Reforming the judicial retention process

In the Sunday Chicago Tribune, there was an editorial entitled “Firing Bad Judges” about the fact that no judge has lost a retention race in the past 22 years, including Judge Cynthia Brim, who was recently found not guilty by reason of insanity in a misdemeanor battery case.  The editorial outlined two proposed amendments to the Illinois state constitution which purport to fix this problem.

From the Tribune:

Two Illinois lawmakers have proposed changes to the state constitution that would make it easier to hold judges accountable. The amendments, sponsored by Rep. Kelly Cassidy and Sen. Bill Cunningham, both Chicago Democrats, aren’t identical, but they share much in principle. The lawmakers have discussed collaborating on a measure to present to voters in 2014, so this is a work in progress. But there’s a lot to like already…Both proposed amendments call for an independent and rigorous review to sort the competent from the questionable. Under Cassidy’s plan, candidates would be vetted by 11-member commissions in each circuit or appellate district. Six of the members would be non-lawyers, appointed by ranking statewide officers and county officials from each party. The other five would be lawyers elected by registered attorneys in the circuit or district.

Judges who earned approval of seven or more members would automatically get a new term; the rest would have to stand for retention or leave. That would produce a shorter, more meaningful ballot that essentially said to voters: These judges haven’t done a good job. Are you sure you want to keep them?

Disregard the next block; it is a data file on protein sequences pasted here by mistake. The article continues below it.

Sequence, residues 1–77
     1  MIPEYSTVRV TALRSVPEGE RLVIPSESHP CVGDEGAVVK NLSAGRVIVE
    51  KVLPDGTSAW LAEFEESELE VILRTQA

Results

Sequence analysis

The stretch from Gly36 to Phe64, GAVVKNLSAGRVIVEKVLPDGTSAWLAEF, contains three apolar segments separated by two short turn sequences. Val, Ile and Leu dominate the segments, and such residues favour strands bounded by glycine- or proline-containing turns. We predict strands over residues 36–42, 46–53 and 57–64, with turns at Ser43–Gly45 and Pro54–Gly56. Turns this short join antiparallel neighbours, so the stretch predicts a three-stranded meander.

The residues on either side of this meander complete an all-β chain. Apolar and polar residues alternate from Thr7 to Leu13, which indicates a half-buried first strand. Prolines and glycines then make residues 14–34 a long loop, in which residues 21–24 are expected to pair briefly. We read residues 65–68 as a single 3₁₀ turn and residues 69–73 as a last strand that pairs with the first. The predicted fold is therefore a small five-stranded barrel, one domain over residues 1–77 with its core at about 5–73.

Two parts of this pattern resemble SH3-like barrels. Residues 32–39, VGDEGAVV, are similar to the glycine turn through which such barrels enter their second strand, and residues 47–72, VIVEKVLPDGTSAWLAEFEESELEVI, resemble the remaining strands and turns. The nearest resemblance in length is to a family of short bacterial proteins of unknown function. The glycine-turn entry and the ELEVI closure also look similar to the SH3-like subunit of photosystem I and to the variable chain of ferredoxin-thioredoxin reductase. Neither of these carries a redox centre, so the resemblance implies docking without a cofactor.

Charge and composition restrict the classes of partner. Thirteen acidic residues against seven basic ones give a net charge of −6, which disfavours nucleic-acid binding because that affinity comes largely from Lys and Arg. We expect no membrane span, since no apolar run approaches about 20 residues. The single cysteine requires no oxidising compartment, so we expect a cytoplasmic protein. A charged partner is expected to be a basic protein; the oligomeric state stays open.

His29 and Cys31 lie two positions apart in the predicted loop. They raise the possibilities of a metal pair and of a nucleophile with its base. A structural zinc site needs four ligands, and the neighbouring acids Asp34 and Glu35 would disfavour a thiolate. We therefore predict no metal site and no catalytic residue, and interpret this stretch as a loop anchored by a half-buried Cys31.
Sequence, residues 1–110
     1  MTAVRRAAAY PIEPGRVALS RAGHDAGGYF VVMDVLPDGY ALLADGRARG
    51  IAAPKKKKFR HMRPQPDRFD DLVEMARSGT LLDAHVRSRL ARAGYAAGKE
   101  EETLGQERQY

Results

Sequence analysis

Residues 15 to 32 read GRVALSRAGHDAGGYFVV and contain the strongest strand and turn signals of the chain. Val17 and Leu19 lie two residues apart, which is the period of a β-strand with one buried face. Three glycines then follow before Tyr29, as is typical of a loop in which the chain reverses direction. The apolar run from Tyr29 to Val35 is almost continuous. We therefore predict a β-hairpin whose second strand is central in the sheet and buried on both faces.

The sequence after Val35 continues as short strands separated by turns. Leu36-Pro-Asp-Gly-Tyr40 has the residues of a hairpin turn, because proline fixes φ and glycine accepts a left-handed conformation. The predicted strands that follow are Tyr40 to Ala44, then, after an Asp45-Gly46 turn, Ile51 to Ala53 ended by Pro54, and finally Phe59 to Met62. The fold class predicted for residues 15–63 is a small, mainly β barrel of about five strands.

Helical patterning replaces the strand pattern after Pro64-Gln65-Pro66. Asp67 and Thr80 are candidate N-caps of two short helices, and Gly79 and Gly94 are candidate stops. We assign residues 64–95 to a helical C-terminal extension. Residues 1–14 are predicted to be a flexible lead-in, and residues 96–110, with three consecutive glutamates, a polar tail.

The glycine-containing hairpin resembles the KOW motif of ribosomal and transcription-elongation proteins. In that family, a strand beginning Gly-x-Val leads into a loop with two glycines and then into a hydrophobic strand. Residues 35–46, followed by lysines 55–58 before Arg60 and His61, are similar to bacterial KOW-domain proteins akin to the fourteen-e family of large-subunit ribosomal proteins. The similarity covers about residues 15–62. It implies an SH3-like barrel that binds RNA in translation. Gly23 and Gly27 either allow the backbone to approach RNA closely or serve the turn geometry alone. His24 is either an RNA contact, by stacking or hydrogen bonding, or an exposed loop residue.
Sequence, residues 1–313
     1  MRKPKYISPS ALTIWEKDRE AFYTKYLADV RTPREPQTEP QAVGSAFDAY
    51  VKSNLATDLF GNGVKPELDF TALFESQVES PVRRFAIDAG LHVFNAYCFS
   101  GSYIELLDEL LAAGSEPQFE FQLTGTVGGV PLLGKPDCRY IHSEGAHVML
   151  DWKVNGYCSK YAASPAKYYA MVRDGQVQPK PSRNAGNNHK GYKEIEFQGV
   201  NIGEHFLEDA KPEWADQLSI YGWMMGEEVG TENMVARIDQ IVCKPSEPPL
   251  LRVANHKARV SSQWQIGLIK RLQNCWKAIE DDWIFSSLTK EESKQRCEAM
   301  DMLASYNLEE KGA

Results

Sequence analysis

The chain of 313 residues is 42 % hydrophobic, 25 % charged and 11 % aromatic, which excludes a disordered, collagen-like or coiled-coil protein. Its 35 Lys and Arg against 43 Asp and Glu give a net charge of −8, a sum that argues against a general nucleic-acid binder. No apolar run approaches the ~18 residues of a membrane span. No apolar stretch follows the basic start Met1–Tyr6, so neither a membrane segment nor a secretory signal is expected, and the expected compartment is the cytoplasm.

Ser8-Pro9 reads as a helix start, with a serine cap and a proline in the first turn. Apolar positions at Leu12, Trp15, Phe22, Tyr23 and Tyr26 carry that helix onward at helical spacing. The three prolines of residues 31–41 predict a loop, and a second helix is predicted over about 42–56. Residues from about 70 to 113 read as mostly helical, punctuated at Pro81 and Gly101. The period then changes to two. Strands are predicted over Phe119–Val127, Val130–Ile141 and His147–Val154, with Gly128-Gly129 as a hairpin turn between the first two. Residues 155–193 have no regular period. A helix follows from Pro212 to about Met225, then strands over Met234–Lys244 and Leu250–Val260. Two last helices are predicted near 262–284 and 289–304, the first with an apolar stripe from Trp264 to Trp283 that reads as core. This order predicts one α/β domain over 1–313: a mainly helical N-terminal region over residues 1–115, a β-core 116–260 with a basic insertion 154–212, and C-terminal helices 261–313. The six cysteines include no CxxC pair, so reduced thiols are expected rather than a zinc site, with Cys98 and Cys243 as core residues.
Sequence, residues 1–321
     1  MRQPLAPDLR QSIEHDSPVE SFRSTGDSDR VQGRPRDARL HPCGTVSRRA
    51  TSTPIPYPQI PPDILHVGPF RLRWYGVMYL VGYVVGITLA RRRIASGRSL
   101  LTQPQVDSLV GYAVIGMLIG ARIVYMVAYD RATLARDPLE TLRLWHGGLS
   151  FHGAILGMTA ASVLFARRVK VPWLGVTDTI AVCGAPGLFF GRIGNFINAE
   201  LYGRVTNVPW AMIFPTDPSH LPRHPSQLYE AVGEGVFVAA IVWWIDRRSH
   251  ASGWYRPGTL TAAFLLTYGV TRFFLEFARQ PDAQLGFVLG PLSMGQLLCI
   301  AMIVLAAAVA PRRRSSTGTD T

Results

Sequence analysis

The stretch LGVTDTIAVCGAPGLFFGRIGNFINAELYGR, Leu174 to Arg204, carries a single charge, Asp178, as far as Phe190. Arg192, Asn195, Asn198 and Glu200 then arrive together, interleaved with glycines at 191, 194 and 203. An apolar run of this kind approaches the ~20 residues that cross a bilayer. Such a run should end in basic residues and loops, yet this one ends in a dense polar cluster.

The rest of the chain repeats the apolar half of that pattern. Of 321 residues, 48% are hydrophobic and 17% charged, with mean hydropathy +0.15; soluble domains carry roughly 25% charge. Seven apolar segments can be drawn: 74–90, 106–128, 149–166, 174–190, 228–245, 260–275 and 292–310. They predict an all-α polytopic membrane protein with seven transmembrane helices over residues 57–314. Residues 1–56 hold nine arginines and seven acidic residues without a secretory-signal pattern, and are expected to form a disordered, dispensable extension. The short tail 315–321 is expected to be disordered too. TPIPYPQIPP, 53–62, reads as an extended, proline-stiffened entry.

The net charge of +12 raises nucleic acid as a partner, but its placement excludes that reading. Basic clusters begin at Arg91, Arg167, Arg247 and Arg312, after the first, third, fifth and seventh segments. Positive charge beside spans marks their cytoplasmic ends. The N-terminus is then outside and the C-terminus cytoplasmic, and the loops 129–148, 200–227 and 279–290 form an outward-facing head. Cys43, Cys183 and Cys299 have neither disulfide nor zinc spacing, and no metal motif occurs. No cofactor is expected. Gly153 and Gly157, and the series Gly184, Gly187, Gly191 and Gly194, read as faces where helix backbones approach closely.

Cunningham would assign the review process to the state’s Attorney Registration and Disciplinary Commission. His plan would require judicial candidates to be certified before they could be appointed, run for election or seek retention. Only the candidates found qualified could appear on the ballot.

Cunningham says he’s essentially trying to codify the bar associations’ evaluation process. Those groups do a thorough and transparent job of identifying judges who ought to hang up their robes, but it’s a challenge to get the message to voters. Both proposed amendments would take the review process further by reflecting the findings on the ballot.

Under Cunningham’s proposal, sitting judges would need a “yes” vote from 66.6 percent of voters instead of 60 percent, a requirement that would make a big difference all by itself.

The incompetent judges identified by the bar associations — or in the Tribune endorsements, which rely heavily on those ratings — typically fare worse than other judges on the ballot. In November, Brim got 183,000 more “no” votes than the judge listed above her, a candidate recommended by the Tribune and bar groups. But she still got 63.5 percent “yes” votes.

Raising the threshold to 67 percent would have knocked her out, along with three other judges who had received negative bar association ratings.

I applaud these attempts to reform the system, and I am happy that some attention is finally being paid to this problem.  But I strongly disagree with these proposed solutions.